The Nanticoke Historic Preservation Alliance (NHPA) is sponsoring the 6th Annual Chicone Village Day at Handsell on Saturday, April 28 on Indiantown Road in Vienna. All are welcome to come to Handsell on this special day designed to honor the history and culture of the Eastern Woodland Native People who inhabited a wide area in the eastern part of the United States, including the vastly wooded area of the Delmarva Pennisula.
These included the Algonquian speaking “Nentego” (Nanticokes), the largest tribe on the Eastern Shore, who were part of a matrilineal culture. They lived off the land, using wood, stone, bone and clay products as the basic raw materials in their lives. This region is noted for ample rainfall, numerous ponds, streams, and rivers and the Woodland Indians tended to establish permanent settlements near water in the forested areas.
Traditionally, Eastern Woodland Indians lived in longhouses built of bent saplings covered with mats and/or bark. Some of these would be single-family size while others were quite extensive, housing larger family units. The Nanticokes were a hunter forager culture. Their primary animal foods were deer, turkey, turtle, fish and shellfish. As experienced farmers, they grew beans, corn, and squash. While the males hunted, the females worked in the gardens raising crops and foraged for nuts, berries and roots like tuckahoe and cattail. Available plant material was used both for food and medicinal purposes.
Prior to the arrival of Europeans, there were numerous tribes living on the Delmarva Peninsula. John Smith’s 1608 voyage around the rim of the Chesapeake Bay described one of the largest villages, that of “the Emperor,” which was in the area of Chicone Creek and Vienna. The site was later a reservation set aside by the Maryland Colonies and a Trading Post called “Handsell” set up by Englishman Thomas Taylor, a designated interpreter for the Maryland Colony.
While many tribes had moved freely up and down the peninsula for centuries, by the mid 1600s, Europeans seeking land forced the tribes to abandon their traditional homes and lifestyles. Nanticoke Indians who originally lived along the Nanticoke River found themselves slowly being pushed north away from their ancestral lands, some eventually joining the Iroquois Confederacy.
The story of Eastern Woodland Indian culture reaches thousands of years into the distant past of what is now the state of Maryland. Their heritage is intimately woven into the fabric of our nation, yet it is often misinterpreted and remains largely obscure. Disease, conflict and assimilation wiped out much of this heritage within one or two generations. As a result, an awareness of native culture is limited to place names of many of our towns and rivers whose meanings have long since been forgotten.
The Chicone Village Project, begun in 2013 with the ground breaking of an authentic native dwelling lodge or longhouse has since expanded to include a Native Garden and Work Shelter and recently a Nature Walk. The Chicone Longhouse is an authentically built replica of a single-family dwelling unit, the first to be built on the Eastern Shore in 200 years. Made of all-natural material, it requires regular maintenance recently done by the Chicone Village volunteers who have logged in over 3,000 hours creating this single family complex. The Village has been visited by many tourists and educational groups, including students from Salisbury University, Washington College, as well as international students from China.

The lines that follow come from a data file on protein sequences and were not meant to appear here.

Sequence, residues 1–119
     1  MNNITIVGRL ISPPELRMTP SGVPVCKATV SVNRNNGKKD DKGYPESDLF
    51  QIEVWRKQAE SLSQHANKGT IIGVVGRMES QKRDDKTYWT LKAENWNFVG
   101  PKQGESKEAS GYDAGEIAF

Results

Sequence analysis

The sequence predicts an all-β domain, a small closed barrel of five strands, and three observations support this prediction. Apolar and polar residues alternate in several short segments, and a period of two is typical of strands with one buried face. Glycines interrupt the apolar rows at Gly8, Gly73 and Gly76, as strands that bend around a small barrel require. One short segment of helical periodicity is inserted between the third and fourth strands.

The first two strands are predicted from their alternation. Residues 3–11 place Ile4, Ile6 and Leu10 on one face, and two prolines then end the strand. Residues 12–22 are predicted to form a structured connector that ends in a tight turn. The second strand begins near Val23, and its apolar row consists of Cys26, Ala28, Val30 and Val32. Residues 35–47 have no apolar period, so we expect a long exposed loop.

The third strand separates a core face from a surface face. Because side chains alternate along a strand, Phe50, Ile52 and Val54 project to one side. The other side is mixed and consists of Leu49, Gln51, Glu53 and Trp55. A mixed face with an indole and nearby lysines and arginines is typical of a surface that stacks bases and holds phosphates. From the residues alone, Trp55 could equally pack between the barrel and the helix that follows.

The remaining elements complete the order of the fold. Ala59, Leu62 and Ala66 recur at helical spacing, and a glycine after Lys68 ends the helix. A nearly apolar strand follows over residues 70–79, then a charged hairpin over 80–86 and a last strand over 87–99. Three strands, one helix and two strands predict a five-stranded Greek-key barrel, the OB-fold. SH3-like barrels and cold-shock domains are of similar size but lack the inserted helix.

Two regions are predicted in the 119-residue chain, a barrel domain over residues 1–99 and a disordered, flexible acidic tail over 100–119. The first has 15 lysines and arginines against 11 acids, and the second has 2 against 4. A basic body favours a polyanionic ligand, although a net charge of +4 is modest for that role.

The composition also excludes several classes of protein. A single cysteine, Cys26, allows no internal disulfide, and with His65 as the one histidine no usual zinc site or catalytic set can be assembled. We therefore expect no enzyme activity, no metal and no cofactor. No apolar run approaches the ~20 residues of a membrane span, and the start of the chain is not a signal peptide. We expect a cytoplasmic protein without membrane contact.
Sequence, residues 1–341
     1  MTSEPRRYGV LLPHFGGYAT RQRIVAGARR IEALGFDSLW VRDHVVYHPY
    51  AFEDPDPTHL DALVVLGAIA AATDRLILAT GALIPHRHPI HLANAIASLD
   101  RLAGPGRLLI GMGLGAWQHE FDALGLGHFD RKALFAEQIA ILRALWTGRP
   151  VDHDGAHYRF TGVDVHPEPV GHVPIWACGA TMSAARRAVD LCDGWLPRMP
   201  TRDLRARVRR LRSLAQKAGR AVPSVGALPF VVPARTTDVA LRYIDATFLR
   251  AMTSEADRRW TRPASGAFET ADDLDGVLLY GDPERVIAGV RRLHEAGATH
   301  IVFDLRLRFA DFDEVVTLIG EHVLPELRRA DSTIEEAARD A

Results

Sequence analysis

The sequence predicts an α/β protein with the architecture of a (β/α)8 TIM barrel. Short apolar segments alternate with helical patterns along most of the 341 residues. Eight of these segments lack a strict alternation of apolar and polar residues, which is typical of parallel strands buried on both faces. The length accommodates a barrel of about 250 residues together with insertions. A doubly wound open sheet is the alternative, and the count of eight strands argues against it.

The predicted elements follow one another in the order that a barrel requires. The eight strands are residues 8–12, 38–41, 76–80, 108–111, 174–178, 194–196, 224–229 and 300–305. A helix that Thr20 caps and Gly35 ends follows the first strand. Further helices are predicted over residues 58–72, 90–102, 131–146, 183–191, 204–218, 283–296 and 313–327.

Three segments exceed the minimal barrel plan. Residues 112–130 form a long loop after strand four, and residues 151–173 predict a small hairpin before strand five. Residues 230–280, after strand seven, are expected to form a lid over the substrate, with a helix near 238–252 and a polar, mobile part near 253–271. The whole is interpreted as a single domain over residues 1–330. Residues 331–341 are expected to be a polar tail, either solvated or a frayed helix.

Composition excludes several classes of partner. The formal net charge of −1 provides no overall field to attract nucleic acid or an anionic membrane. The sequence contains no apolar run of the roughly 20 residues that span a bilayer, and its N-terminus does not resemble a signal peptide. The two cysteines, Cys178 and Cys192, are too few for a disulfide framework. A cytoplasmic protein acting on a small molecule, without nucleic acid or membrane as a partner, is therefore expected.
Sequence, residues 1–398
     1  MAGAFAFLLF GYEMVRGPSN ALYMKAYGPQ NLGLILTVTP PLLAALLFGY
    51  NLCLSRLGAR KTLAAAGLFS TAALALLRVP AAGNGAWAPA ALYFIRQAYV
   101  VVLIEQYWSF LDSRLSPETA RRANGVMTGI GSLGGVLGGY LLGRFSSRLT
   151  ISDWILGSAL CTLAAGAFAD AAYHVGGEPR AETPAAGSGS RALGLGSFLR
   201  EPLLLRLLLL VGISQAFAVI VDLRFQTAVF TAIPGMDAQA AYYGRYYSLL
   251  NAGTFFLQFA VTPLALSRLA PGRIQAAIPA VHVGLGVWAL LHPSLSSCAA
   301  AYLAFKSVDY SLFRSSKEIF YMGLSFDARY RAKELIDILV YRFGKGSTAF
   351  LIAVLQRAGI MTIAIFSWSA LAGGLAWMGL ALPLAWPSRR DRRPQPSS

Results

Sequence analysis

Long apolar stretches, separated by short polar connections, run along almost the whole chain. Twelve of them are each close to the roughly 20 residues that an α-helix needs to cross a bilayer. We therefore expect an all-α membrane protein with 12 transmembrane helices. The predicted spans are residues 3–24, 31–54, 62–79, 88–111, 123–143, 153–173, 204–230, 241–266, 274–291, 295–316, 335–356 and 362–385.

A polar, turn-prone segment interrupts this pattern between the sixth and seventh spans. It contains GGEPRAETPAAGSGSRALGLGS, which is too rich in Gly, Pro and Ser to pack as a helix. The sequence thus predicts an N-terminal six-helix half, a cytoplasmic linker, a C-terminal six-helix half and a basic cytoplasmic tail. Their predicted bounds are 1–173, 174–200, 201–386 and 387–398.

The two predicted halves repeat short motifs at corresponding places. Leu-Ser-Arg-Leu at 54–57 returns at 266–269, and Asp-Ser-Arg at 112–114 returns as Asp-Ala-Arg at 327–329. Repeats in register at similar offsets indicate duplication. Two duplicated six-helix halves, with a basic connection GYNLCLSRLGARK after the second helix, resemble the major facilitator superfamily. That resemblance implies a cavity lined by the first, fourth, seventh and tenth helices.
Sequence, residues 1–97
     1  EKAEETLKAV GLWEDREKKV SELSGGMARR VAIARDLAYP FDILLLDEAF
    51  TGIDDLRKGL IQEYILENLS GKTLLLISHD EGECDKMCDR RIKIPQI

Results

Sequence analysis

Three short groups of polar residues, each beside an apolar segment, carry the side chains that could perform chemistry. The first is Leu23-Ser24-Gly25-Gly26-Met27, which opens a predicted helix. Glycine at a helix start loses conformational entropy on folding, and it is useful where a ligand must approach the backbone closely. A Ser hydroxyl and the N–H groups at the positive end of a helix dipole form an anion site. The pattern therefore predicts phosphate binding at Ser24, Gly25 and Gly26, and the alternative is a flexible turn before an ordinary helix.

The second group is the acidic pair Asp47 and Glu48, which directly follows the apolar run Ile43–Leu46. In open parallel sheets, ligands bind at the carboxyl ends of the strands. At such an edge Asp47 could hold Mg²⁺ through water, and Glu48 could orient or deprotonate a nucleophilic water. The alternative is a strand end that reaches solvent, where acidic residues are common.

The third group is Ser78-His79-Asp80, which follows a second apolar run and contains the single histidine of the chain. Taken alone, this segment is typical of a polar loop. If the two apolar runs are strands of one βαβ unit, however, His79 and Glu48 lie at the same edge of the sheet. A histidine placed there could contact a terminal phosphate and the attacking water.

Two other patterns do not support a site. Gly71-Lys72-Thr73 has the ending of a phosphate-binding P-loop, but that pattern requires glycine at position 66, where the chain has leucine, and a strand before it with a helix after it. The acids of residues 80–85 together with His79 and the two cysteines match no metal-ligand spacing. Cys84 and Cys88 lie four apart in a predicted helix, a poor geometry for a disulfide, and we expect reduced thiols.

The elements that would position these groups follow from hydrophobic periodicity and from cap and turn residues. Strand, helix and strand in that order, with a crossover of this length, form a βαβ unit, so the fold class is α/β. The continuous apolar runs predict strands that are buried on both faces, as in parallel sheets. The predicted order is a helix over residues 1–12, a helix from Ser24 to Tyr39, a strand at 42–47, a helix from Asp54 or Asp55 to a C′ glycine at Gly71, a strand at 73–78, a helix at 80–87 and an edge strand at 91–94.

The event is growing with participation from Native groups increasing yearly. Returning for his only presentation in Dorchester County in 2018 is Daniel Firehawk Abbott, Coordinator of Native Interpretation at Colonial Williamsburg. The Pocomoke Indian Nation, a long-time supporter of the Chicone Village will feature Chief Norris Howard in the work shelter.
Other tribal groups invited to attend will include: Lenni-Lenape Manetu, Nause Waiwash Band of Indians; Philip Goldsborough, Mid-Atlantic Cherokee; and Cheswald Lenape and representatives from the Maryland Commission of Indian Affairs. Unlike other Pow-Wows held by Eastern Shore tribal groups, NHPA has devoted its education programs to early Native life as it was before the arrival of Europeans. Living history demonstrations will include cooking, weaving, chipping of implements and gardening with historic plants. There will be artifact displays by Terry Crannell and archaeologist Ed Otter, PhD., who has done excavations at Handsell.
Handsell House, located at 4837 Indiantown Road in Vienna, will be open from 10 a.m. to 5 p.m. and tours include the basement kitchen where the African American story is represented. Admission is $2 to help defray costs and for maintenance of the Village structures. Additional donations are welcome. Open to the public. More information can be found at www.restorehandsell.org.